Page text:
Steve Jobs was a superstar - in the technological world

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I’ve been filming in London all this week, making a documentary on Apple’s Steve Jobs for an American production company. All very exciting.

The week started with a voiceover, which was great except for the chest infection that is still tainting my vocal cords!

The rest of the week has been spent doing tons of interviews about Mr Jobs. For those of you who need memories jogged, he is the main man behind Apple’s success, but sadly died two weeks ago at the age of 56.

The more people I’ve interviewed, the more I’ve realised the huge impact that he had in shaping and defining the way we all communicate today.

It’s not something you really think about, is it? We don’t sit there deliberating over where the items we use in our everyday lives came from.

But when helping to put a documentary together, it’s kind of fundamental to do some research.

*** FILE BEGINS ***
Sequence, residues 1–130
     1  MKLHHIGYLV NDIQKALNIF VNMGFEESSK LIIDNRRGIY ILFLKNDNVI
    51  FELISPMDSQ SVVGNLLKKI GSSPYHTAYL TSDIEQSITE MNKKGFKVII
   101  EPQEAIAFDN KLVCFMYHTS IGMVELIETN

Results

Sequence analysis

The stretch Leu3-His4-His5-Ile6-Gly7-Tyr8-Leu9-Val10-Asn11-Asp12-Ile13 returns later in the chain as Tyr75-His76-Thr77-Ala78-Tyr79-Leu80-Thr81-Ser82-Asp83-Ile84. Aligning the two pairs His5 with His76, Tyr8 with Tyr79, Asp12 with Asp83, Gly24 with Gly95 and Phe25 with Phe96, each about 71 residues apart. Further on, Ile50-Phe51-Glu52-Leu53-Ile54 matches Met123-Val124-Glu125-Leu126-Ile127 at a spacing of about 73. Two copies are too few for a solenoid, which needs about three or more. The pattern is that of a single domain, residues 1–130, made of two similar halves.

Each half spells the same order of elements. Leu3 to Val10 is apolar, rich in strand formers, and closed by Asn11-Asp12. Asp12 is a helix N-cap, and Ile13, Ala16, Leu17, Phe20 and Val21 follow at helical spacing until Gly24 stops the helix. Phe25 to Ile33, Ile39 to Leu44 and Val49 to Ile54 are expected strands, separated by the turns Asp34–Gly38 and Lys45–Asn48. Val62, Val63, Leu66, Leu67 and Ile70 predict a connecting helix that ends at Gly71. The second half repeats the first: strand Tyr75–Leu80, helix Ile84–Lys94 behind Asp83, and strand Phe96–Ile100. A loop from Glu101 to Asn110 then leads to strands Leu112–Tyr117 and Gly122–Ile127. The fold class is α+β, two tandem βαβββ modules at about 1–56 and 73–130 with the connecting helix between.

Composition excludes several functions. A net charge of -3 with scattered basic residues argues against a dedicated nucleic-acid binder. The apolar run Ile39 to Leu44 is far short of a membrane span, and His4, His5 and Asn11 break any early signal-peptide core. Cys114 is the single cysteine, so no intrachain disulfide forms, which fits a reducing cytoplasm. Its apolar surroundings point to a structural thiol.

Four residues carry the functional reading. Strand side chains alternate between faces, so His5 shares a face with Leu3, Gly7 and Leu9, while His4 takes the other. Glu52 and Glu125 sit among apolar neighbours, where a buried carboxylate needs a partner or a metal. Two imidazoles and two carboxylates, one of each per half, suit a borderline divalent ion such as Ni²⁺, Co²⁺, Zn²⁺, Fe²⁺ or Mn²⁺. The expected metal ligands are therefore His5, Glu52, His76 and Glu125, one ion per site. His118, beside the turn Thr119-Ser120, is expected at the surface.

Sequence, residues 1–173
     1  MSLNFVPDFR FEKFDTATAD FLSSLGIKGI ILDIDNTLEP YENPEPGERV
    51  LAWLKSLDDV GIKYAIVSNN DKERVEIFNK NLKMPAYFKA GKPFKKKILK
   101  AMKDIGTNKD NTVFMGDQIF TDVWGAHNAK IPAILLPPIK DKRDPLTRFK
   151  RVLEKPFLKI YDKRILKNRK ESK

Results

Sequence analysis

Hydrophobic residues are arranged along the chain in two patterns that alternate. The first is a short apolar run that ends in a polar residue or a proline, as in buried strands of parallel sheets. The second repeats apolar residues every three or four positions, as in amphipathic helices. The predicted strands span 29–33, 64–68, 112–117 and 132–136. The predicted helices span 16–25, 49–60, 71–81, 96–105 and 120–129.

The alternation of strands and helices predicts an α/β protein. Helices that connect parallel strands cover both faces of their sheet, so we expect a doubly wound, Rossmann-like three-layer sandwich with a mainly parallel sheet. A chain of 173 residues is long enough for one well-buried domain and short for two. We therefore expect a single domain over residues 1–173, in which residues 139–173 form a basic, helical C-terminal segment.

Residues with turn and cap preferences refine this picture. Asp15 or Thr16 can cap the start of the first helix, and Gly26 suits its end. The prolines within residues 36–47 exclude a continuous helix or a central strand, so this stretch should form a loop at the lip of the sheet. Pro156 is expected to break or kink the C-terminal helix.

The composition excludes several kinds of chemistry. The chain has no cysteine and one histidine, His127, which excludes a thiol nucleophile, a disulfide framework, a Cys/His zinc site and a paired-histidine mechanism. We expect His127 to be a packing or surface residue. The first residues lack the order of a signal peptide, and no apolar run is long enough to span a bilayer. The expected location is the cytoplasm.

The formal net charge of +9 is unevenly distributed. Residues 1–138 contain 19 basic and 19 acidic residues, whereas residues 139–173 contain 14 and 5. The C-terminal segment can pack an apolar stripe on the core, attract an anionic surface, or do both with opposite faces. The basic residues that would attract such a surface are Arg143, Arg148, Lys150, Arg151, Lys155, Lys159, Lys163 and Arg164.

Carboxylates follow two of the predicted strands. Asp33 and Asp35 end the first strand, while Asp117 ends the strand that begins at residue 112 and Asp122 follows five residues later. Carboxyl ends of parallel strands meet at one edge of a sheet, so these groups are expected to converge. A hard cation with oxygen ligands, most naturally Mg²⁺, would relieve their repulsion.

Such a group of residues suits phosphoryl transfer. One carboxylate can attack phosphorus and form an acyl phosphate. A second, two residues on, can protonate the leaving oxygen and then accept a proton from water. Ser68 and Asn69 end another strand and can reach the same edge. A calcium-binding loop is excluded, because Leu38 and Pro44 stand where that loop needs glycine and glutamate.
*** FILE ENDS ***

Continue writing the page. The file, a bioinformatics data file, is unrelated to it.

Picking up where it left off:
The longer I worked on this, the greater my fascination with Steve Jobs’ story became. What an incredible but complex man he was.

The way the entertainment and media industries have reacted to his death, you’d think he was some kind of superstar.

I guess in many ways he was exactly that – but in the field of technology.

This week I’ve been interviewing lots of people from journalists and PRs to celebrities and so-called ‘normal’ people.

I was lucky enough to visit Magic FM’s studio in London and interview Dr Fox himself – legendary DJ Neil Fox.

Wow, what a character. He still looks the same as he did all those years ago when he starred as one of the judges on Pop Idol.

He’s such a nice guy and I liked him a lot. I was tempted to tell him that I too come from a radio background, having presented on The Quay here in Portsmouth for two years.

I thought about swapping stories with Foxy about being on the wireless. But then crashed back down to earth before I embarrassed myself.

After all, he is a radio legend and I am, well, Gobby Gibbs from Portsmouth. Not quite the same, is it!